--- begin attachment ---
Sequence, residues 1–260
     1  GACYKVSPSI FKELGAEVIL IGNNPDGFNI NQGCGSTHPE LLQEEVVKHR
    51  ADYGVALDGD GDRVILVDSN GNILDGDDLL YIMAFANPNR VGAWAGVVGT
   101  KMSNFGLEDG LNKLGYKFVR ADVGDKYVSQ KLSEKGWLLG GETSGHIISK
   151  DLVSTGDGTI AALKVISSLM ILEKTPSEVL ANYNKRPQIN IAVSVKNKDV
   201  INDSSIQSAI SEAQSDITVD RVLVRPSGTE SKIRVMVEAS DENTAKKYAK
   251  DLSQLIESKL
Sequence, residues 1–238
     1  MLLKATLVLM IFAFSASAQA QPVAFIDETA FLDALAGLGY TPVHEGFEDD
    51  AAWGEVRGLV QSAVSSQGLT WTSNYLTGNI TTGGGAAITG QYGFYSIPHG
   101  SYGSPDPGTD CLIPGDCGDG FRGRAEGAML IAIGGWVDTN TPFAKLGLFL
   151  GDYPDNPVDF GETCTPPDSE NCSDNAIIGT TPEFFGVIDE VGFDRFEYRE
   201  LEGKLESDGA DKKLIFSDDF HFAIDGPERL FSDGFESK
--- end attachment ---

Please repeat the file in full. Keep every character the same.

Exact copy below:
Sequence, residues 1–260
     1  GACYKVSPSI FKELGAEVIL IGNNPDGFNI NQGCGSTHPE LLQEEVVKHR
    51  ADYGVALDGD GDRVILVDSN GNILDGDDLL YIMAFANPNR VGAWAGVVGT
   101  KMSNFGLEDG LNKLGYKFVR ADVGDKYVSQ KLSEKGWLLG GETSGHIISK
   151  DLVSTGDGTI AALKVISSLM ILEKTPSEVL ANYNKRPQIN IAVSVKNKDV
   201  INDSSIQSAI SEAQSDITVD RVLVRPSGTE SKIRVMVEAS DENTAKKYAK
   251  DLSQLIESKL
Sequence, residues 1–238
     1  MLLKATLVLM IFAFSASAQA QPVAFIDETA FLDALAGLGY TPVHEGFEDD
    51  AAWGEVRGLV QSAVSSQGLT WTSNYLTGNI TTGGGAAITG QYGFYSIPHG
   101  SYGSPDPGTD CLIPGDCGDG FRGRAEGAML IAIGGWVDTN TPFAKLGLFL
   151  GDYPDNPVDF GETCTPPDSE NCSDNAIIGT TPEFFGVIDE VGFDRFEYRE
   201  LEGKLESDGA DKKLIFSDDF HFAIDGPERL FSDGFESK